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zondag 12 juni 1988

And Then There Were None by Agatha Christie

A detective masterpiece

Off the coast of Devon lies an island clouded in mystery. It carries the name of Indian Island because its form resembles an Indian. The silence surrounding the mansion is suddenly disturbed when eight guests arrive. Both Thomas and Ethel Rogers, the butler and the cook, are awaiting the guests. But they already have a problem. Their host hasn't arrived yet. And even stranger: there's a framed copy of the nursery rhyme "Ten Little Indians" hanging on the wall. They decide to go ahead with dinner in absence of their host. But when suddenly a gramophone record starts to play, it becomes clear that it is dangerous to trust anyone on this forsaken island.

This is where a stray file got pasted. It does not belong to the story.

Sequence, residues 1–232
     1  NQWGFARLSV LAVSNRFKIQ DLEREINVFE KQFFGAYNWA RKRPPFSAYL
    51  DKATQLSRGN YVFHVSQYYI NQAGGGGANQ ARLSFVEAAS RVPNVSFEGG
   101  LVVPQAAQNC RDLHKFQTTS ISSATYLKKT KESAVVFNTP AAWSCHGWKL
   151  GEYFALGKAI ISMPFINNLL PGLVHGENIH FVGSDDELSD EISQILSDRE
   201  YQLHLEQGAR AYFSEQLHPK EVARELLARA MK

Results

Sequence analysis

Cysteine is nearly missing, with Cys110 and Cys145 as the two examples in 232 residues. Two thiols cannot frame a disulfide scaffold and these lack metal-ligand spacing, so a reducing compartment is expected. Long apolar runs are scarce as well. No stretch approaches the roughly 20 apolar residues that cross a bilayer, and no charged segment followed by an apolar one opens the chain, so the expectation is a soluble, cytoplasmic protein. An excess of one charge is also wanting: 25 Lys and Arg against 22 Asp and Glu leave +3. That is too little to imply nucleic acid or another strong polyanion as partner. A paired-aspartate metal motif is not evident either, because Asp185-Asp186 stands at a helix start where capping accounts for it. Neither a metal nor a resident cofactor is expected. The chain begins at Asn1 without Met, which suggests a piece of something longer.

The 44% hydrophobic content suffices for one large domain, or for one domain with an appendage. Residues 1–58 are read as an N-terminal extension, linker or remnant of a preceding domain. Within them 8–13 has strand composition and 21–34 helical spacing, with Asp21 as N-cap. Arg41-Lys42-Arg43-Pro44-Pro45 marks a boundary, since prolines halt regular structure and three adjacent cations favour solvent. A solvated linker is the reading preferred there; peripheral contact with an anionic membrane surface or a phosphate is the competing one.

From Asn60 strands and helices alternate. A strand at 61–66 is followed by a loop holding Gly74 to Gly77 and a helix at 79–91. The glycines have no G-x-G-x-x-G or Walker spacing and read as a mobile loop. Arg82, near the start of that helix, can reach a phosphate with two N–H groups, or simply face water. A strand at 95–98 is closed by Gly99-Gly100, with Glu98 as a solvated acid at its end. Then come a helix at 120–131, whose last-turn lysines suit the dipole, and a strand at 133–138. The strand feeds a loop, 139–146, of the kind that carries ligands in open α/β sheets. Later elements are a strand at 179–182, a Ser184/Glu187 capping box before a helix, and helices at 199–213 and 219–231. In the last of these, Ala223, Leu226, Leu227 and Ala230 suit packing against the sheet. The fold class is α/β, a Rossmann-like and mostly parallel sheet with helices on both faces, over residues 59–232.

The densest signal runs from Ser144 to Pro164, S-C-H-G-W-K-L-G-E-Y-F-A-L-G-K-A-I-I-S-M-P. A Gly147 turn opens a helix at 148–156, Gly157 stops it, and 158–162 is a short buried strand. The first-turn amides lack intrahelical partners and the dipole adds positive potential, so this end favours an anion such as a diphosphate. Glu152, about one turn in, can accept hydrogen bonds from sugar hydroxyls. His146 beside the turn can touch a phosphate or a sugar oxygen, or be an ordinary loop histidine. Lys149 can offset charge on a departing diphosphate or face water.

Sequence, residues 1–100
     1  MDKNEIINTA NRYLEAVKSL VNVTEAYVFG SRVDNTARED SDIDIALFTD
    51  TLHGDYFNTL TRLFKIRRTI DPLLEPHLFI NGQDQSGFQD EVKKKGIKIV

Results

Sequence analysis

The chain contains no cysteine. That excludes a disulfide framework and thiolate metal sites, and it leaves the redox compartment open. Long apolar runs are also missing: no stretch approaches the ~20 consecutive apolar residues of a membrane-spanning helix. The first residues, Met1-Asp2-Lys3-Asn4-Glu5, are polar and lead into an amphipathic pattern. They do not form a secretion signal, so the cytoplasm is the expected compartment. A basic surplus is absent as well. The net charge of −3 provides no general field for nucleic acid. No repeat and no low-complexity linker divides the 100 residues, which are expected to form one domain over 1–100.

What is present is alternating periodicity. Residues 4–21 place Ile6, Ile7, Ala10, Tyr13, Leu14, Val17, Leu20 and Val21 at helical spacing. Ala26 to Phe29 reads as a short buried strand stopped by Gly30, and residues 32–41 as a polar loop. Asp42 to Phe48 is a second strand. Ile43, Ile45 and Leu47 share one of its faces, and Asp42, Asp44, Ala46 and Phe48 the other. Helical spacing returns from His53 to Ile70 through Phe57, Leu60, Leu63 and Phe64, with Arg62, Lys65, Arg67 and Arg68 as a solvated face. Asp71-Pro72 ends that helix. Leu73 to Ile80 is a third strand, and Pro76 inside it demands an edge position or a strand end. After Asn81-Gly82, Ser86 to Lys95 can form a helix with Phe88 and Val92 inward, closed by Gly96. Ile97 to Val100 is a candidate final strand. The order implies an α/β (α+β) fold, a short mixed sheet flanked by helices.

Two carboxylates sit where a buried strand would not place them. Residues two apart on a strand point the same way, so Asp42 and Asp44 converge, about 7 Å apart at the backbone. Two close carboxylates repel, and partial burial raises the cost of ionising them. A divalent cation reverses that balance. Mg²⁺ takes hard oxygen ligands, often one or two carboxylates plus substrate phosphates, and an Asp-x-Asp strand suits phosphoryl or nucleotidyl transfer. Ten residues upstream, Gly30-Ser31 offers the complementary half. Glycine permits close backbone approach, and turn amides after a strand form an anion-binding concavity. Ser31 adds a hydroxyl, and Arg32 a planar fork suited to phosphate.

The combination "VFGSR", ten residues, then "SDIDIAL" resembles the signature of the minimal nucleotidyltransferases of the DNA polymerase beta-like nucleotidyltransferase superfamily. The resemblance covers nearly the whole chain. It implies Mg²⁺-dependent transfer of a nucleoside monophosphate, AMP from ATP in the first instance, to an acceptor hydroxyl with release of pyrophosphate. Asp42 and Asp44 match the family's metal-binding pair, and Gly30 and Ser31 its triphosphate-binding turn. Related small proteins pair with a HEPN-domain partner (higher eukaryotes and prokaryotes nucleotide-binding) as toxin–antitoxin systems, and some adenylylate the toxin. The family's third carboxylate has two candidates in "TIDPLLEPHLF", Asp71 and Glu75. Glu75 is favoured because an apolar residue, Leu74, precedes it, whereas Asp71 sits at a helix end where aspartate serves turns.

And Then There Were None is arguably one of the best works by Agatha Christie. Originally published in 1939 under the title Ten Little Niggers, it still hasn't lost a single bit of its attractive power. The basic idea is as simple as it gets, but the denouement is simply a showcase of the inventiveness that is so characteristic of the English author. I have read this novel now for the third time and still I discover new aspects that show the ingenuity of the plot. Never will the reader feel unfairly treated, although it requires a very astute sleuth to predict the outcome at a first reading. The characters are quite stereotypical, but that cannot be avoided if you require that the reader keeps track of ten possible suspects and as such is easily forgiven.

And Then There Were None is simply a must read for anyone with a liking for a good detective novel.

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